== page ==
Sunday, May 4, 2014

Clay Street Collapse - the Remnants

Long-term readers may remember that in 2011, I summarized the sordid story of how the late-1800s commercial building at 515 Clay Street, Vicksburg, collapsed in January of 2006. Fortunately, no one was killed, but a car was squashed. Thereafter, the City of Vicksburg and the owners of the building fought in court for years about whether they could demolish the remains, and Clay street was partially blocked for months with a pile of bricks. It was a comedy of errors.
Well, eight years later, the street is clear, but there is still debris in the old lot. This is a view looking north across the lot.
This is the view from Clay Street looking east to the site where 515 Clay once stood. The building in the back is the Adolph Rose Building.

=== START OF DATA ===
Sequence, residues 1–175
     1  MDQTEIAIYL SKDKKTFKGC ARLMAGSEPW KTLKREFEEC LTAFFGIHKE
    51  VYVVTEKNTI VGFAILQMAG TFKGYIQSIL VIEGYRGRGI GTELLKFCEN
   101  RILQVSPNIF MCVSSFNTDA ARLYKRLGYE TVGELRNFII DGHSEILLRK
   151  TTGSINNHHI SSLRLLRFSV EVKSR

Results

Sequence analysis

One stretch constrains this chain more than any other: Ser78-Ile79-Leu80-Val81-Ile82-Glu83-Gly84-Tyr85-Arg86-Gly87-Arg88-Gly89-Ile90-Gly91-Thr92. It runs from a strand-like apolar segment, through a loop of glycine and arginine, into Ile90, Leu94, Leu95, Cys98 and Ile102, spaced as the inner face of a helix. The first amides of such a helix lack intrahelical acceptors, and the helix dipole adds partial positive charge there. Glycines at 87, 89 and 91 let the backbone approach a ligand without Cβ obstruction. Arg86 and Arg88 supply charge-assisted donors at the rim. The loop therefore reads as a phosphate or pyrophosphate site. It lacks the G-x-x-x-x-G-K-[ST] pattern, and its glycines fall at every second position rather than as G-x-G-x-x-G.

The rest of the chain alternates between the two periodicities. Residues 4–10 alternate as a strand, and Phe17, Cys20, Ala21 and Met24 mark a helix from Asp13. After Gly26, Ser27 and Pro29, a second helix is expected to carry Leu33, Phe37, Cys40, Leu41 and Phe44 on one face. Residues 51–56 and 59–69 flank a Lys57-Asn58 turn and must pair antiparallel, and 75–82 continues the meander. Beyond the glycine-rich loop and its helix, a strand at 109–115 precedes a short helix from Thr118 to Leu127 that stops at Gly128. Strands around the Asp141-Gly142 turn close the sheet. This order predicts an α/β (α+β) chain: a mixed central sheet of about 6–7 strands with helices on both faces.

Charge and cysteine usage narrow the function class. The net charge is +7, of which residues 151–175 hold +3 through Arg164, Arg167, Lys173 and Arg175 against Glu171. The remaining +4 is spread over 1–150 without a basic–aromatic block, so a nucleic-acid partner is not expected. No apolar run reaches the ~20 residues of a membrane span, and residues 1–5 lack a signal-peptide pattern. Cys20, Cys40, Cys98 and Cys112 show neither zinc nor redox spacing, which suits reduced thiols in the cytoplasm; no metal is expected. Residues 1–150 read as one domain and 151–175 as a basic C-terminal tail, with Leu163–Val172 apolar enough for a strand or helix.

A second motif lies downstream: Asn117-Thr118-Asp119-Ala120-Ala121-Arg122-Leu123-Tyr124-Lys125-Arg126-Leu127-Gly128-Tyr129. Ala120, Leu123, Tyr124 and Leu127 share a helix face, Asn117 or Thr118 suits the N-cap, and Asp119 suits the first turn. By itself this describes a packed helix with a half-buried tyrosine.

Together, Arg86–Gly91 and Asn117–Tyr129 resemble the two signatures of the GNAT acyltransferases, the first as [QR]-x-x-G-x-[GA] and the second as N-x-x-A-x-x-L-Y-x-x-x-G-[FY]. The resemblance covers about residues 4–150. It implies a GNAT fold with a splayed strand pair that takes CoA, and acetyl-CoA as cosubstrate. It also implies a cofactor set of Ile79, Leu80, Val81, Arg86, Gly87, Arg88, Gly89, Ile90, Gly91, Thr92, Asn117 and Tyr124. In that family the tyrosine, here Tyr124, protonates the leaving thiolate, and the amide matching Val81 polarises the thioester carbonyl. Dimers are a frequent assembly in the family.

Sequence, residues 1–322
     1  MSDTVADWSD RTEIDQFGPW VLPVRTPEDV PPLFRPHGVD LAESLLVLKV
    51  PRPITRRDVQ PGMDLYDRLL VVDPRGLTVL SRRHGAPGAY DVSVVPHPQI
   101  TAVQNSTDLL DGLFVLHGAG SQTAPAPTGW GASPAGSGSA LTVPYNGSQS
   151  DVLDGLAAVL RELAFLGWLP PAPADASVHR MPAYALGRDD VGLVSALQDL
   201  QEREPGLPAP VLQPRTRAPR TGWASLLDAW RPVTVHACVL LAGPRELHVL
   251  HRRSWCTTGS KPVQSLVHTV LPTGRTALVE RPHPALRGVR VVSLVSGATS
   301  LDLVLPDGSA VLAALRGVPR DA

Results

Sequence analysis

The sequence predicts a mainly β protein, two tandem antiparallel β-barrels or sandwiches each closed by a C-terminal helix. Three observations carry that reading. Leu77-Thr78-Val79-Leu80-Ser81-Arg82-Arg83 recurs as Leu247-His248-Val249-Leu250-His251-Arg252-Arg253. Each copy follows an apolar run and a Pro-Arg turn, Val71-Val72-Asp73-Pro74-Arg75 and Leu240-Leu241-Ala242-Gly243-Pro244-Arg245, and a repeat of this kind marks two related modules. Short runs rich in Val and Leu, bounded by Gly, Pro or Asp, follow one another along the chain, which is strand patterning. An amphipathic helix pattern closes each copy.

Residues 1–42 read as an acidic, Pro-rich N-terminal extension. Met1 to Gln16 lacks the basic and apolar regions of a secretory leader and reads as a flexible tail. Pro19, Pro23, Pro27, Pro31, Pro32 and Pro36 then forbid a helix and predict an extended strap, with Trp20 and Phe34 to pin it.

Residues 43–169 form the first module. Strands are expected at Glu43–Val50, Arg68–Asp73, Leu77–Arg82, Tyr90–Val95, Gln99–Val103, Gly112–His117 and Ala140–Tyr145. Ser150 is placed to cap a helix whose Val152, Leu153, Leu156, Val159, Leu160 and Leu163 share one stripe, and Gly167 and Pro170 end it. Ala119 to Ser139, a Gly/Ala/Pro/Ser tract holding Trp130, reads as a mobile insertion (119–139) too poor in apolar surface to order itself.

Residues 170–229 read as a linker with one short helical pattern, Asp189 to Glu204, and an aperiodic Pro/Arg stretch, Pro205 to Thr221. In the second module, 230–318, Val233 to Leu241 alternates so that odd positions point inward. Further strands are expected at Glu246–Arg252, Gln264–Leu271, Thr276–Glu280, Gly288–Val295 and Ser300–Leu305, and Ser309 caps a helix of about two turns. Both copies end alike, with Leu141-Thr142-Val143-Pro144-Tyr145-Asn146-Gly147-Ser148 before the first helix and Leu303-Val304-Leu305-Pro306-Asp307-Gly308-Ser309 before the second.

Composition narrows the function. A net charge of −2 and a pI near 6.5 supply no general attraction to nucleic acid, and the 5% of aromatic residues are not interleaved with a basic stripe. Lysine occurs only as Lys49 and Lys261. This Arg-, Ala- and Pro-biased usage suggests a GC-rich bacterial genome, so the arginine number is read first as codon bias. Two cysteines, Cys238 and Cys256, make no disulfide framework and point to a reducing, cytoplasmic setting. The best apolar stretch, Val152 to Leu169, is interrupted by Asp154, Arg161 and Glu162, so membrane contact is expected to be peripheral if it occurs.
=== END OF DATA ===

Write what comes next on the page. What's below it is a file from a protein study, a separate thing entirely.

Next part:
This is a portion of the basement that survived.
This is the view east along Clay Street from the newly renovated 1903-vintage First National Bank building. Some very nice apartments, known as The Lofts, have opened there and will offer high-end downtown residences. It is nice to see the downtown revitalized.  The Adolph Rose building, in the center left, lost a big section of brick wall when no. 515 collapsed (see the first figure). The light-colored section of bricks shows the repaired section. As another example of revitalization, the old Strand Theater in the basement of the Rose has reopened. The Strand, operated by Westside Theater Foundation, offers independent international films. I wrote about the Strand in a 2011 article. Folks, support your downtown businesses and merchants!
Aug. 24, 2014 update: here is a post card from the Mississippi Department of Archives and History. It is an undated view of Clay Street with the Adolph Rose building in the center of the block, behind the trolley car.

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